Carnegie Mellon University School of Computer Science

Archival Backup Service

Have servers or dedicated desktops that are on-premise and on our wired network? For these types of computing workloads, we offer Teradactyl's True Incremental Backup System® (TiBS). TiBS is designed specifically for unstructured data sets commonly found in research and scientific communities. Advanced time and size based synthetic backup consolidation transfers only new and changed data from the clients to the backup servers.

We provide nightly network backups for supported hosts running Facilities-supported operating systems, including:  

Important notes  

  • Hosts are not automatically placed in the backup system; backups must be specifically requested. See the section below on how to tell if a host is being backed up if you are uncertain if your host is receiving backups.
  • If you add a disk to a host, or change or rename the partitioning, you must inform us in order for the new disk or partition to be included in an existing backup routine. You can request the inclusion of a new volume or partition through Backup Routine Modification form.
  • In order to receive backups, we must be able to install the backup software on your host and it must be running the Facilities environment.

What is backed up? 

  • On Windows systems only drives of the form /N, where N is some drive letter, are usually backed up. Directories are not defined individually for backups. 
  • On Unix systems only directories of the form /usrN, where N is some number, are usually backed up. Directories in other places, such as /home are not backed up by default. We also back up the contents of /usr/BACKUP but do not back up /etc/srvtab (since backup traffic is not encrypted). 
  • Files/directories whose names match */.netscape/cache/* or */vmware/* are not backed up.
  • If you have a dual-boot machine, only the OS that is running at the time the backup system is operating will get backed up. Backups usually run from around 5:00 PM until 10:00 AM. Your machine will be backed up during some random time during that period (it cannot be individually scheduled).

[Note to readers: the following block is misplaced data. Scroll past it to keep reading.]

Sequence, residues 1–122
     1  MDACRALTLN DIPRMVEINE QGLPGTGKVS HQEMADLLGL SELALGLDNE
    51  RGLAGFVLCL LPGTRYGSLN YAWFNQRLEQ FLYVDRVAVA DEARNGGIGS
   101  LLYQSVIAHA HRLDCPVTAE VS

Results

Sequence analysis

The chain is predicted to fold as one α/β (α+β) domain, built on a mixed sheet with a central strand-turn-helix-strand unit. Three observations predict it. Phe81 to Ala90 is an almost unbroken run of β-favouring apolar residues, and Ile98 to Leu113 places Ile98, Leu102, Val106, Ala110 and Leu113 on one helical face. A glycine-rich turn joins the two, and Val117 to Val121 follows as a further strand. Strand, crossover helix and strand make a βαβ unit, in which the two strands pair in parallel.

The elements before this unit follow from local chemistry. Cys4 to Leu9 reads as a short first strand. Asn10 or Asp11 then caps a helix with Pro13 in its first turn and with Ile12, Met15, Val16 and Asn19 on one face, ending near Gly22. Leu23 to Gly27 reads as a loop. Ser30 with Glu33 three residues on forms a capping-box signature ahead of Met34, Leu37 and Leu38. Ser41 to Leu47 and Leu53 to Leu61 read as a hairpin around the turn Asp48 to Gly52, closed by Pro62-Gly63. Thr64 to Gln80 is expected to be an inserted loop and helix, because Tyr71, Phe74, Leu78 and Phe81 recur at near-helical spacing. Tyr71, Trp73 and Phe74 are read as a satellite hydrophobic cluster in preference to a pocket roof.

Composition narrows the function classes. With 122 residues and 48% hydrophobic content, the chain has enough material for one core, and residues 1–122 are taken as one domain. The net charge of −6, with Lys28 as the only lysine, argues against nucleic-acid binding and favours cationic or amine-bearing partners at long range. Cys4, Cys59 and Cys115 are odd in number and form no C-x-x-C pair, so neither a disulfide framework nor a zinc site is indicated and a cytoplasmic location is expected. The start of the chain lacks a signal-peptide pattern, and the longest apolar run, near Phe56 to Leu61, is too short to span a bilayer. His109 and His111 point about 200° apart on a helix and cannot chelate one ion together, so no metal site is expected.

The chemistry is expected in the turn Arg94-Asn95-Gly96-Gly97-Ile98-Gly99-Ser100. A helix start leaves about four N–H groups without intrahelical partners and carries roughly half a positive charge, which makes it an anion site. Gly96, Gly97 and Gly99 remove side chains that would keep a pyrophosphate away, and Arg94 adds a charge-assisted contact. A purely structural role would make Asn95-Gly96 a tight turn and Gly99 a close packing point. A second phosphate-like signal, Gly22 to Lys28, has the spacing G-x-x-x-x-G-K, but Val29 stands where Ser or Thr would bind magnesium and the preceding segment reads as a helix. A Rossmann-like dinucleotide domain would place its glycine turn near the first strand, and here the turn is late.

Special requirements

Because we do network backups of hundreds of host’s nightly, backups for machines with special backup requirements need to be handled on a case-by-case basis. If you need backups for a host that has partitions larger than 5 TB, has a large amount of data that changes frequently, or has a very large amount of data on it (such as a large RAID array), you can submit a ticket regarding backup and options available for your use-case. 

Laptop Archival Backup

Although we highly recommend our Data Protection Service as a backup solution for laptops, we offer our Archival Backup Service as an option for laptops as well as desktops. We perform daily network backups for supported laptop computers, connected to the SCS wired network, running supported operating systems. 

Important Notes 

Laptop systems also have a backup client tool that initiates an immediate network backup. The tool is called BackupNow and can be found in the normal program area based on the Operating system of the laptop. 

Backup Scheduling 

Considering that some types of computers may not be as powerful as others (ultra-portable vs full-featured laptops vs desktop systems for example), the backup process can cause a noticeable impact of performance when it is actively running. The following is a list of four backup scheduling options: 

Laptop Polling Backups (default)

  • A polling system that runs from 6:00am to 6:00pm every day that looks for mobile computers over the SCS wired network
  • Automatically running backups
  • Warning: Laptops should be left online from 6:00am to 6:00pm

On-Demand Only Backups

  • These backups are set up so that you can initiate backups over the SCS wired network at any time that you desire
  • Warning: There are no automatic backups

Nightly Backups

  • These backups are set up so that an automatic backup over the SCS wired network happens at night
  • Warning: The laptop must be left on the SCS wired network overnight

Custom Scheduled Backups

  • These backups are set up so that an On-Demand Only backup is initiated by the laptop at a pre-determined time
  • Warning: The laptop must be left on the SCS wired network at the pre-determined time

How can I tell if my host is being backed up?

Windows: If your computer has backups enabled, you can run the LastBackup program to find out what partitions on your computer are being backed up and when the last backup was performed. LastBackup is available in the SCSBackups section of your Start Menu. Please contact the Help Desk for assistance if LastBackup is not installed or for more information about enabling backups on your computer.  

macOS: If your computer has backups enabled you may use the LastBackup script found in the /Applications folder for Mac OS 10.7 Lion and later or the /Applications/Utilities folder for earlier Mac operating systems. If the machine is being backed up this should return the last backup date. If this script does not exist or returns an error you are most likely not being backed up.